The Krystals continues shining decades later
March 5, 2014 at midnight
Updated March 4, 2014 at 9:05 p.m.
WHO ARE THE KRYSTALS
• Mark Zepeda, vocals/guitar
• Justin Ramirez, drums
• Sonny Ramirez, percussion/manager
• Emilio Licerio, bass
• Steve Solis, lead guitar
• George Cavazos, keyboards/vocals
• Michael Licerio, sound production
IF YOU GO
• WHAT: The Krystals
• WHEN: 9 p.m. Saturday
• WHERE: Dodge City, 205-H Northstar Drive, Victoria
• COST: Free
George Cavazos has spent the past 44 years on a musical journey with The Krystals.
From supporting acts like Freddy Fender, Charly McClain and Johnny Rodriguez to headlining military shows and joining festivals across the state, The Krystals have become a staple in the Crossroads' music scene.
Cavazos, who started playing keys for the band when he was 17, caught up with Get Out to talk about the band's new lineup, how it keeps it fresh and what has kept him involved in the band.
You were just a teenager when you started, and you're 61 now. What made you join?
The leaders who were running the band were my cousins; I had just started playing keyboards with the nuns at Nazareth Academy. They needed a keyboard player, so I started playing with them.
I've been playing with the group ever since.
Here and there, I had my own other project that I tried out, but we always came back to having The Krystals.
You guys play a wide range of music; how are you able to switch from so many different genres so quickly?
For us, it's very easy because we've been doing it so long.
When we try to get musicians, it's pretty rough because the majority of musicians nowadays play one genre - they're either rock or Tejano players - they don't care to learn any other type of music. It used to be that musicians liked to learn all types of music, and Tejano to us is easy to play, but it's amazing how hard it is for some of these guys to pick it up.
The crowd that follows us is a lot of people who like classic country and rock, and we have the Tejano people who like the cumbias.
When we first played at Dodge City, the owner said he didn't want any Latin music, but the fans were there and spending money, so we try to balance it out and remember that it's a country place.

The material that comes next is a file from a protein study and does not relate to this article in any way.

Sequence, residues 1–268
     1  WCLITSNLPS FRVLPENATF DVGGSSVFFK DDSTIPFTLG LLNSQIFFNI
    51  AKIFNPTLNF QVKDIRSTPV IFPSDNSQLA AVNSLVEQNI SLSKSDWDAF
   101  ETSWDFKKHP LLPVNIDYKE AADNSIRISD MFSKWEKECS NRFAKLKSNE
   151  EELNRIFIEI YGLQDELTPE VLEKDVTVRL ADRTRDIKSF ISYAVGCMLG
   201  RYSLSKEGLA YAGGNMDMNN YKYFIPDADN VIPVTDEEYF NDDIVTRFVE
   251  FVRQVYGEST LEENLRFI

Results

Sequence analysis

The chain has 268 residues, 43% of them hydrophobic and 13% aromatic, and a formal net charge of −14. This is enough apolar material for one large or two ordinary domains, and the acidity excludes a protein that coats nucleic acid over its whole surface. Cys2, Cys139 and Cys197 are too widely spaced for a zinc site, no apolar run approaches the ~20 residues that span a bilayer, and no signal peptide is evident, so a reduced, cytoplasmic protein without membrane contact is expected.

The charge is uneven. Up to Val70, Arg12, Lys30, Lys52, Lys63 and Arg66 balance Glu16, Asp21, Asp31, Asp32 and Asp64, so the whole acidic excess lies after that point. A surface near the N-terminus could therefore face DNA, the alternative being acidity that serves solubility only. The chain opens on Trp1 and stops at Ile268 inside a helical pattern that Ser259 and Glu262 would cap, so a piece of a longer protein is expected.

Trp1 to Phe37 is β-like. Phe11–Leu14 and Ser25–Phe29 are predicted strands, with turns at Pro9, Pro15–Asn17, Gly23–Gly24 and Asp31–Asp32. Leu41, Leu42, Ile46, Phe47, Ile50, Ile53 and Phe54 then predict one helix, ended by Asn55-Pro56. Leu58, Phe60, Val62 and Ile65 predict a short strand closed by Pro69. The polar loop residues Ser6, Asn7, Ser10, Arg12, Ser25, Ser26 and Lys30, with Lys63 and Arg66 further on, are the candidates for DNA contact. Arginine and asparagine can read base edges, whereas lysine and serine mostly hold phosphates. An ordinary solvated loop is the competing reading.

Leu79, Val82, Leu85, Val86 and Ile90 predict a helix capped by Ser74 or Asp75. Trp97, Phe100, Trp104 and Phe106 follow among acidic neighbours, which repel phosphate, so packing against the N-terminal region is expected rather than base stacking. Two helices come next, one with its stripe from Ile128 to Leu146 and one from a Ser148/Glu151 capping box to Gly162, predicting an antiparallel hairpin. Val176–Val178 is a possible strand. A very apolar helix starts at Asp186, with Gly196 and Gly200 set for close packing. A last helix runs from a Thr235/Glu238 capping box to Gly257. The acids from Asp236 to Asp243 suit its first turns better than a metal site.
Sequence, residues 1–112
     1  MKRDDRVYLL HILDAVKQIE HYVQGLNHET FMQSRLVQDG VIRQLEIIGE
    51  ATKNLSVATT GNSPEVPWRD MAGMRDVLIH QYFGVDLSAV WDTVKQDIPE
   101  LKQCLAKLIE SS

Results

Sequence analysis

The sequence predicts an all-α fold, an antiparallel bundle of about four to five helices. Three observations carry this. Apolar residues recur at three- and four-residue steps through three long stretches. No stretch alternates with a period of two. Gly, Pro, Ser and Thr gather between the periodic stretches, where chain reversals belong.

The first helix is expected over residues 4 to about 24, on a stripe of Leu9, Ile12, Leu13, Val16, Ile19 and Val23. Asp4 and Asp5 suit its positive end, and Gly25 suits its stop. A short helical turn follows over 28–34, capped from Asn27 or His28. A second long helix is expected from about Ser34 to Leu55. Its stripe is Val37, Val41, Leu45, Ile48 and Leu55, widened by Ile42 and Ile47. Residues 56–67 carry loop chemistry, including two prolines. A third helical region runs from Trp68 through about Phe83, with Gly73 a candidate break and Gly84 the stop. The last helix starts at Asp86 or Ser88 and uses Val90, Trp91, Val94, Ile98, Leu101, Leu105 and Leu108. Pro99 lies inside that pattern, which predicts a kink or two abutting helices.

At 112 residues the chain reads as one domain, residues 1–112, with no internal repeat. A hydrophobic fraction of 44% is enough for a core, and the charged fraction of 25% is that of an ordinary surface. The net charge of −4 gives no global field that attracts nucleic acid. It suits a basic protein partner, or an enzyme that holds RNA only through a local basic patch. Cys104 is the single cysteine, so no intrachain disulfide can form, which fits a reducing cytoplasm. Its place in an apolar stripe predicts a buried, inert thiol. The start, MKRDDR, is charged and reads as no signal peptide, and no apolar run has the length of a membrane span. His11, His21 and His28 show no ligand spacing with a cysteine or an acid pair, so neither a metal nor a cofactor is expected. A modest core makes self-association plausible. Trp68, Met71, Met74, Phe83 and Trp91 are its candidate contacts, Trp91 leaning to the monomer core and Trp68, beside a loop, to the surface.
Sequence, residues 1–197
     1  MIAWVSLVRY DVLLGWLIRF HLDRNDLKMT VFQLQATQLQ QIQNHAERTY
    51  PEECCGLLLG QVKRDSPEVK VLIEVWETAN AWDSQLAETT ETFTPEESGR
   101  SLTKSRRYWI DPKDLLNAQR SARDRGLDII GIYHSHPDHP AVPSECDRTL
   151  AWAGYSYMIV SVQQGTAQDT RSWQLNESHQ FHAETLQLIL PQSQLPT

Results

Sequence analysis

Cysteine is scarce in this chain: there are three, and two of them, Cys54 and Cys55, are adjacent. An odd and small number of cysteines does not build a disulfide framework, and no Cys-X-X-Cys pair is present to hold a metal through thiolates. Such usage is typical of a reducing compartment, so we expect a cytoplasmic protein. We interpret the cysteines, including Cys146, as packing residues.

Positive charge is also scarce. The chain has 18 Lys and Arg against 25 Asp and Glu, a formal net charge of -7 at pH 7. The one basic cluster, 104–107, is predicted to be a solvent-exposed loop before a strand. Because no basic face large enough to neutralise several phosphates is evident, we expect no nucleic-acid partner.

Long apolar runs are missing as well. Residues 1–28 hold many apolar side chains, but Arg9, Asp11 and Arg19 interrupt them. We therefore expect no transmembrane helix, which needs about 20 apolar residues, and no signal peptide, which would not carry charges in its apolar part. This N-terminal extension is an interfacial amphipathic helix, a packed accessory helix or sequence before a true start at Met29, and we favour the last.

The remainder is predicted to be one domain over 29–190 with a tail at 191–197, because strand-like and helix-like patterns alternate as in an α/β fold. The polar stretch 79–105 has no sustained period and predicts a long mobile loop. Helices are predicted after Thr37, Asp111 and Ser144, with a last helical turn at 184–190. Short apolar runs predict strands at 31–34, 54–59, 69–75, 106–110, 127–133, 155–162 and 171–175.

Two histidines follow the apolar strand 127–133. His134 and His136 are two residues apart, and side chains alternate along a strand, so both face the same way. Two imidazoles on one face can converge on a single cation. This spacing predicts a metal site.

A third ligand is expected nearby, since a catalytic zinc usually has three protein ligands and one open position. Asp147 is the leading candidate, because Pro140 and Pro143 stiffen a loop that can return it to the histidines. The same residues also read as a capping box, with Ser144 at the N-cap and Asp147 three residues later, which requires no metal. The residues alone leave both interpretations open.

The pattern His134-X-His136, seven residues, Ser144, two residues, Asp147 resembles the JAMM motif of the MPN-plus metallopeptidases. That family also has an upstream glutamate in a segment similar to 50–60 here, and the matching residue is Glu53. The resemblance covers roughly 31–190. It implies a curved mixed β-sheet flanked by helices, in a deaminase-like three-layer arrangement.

When we play at the Golden Gecko, it's a whole different deal. We lean more on Hispanic and Latin beats.
We're geared up for any type of crowd.
It doesn't matter to us; we just like to play music.
We've always been a variety - not a Tejano band or a country band or a rock band; we just like playing all types of music.
The band recently hired on a new guitarist, Steve Solis. How's that working out?
He was hesitant to come into the band because he had never played Tejano music. When he finally decided he wanted to do it - well, he's doing really good.
He has that blues influence, and you can put that into whatever type of music you're playing. When I was younger, I did nothing but black clubs in Corpus and San Antonio, Edna and Port Lavaca. It was a lot of George Clinton, Kool and the Gang, The Gap Band and Cameo. You can use whatever you learn.
What's kept you in the band for 44 years?
Just the love of music, and really, it's as simple as that. We all have jobs. We've never been living off music - to us, it's always been a hobby.
To tell you the truth, all of us come from fathers who were musicians and had their own bands. Mark Zepeda's dad had a really popular band; my father had a really popular conjunto band, the rest of the guys also.
The drummer is my nephew, the sound guy is my brother-in-law, and the bass player has been with me since he was about 17 or 18 years old.
In high school, we'd go to Bryan, Temple and Killeen - we'd play Friday, Saturday and Sunday - but as you get older, you cut that out. It's just too much running around. If it was up to Steve and Mark, they'd play every night.
Right now, it's a blast; everyone's having a really good time, and things are starting to mesh together real nice. Is there any plan to sit down and record an album?
Yesterday, we're setting up the stuff and equipment we're going to need.
We built a little studio at my brother-in-law's house, and Michael Licerio, who went to music school in California; we're setting up equipment we'll need.
We record every night we play, so we have live recordings, but we have never sat down to record an album.
Melissa Crowe will listen to anything once, twice if she likes it. Got a song you'd like to share? Chat with her on twitter @MelCrowe or message her at email@example.com.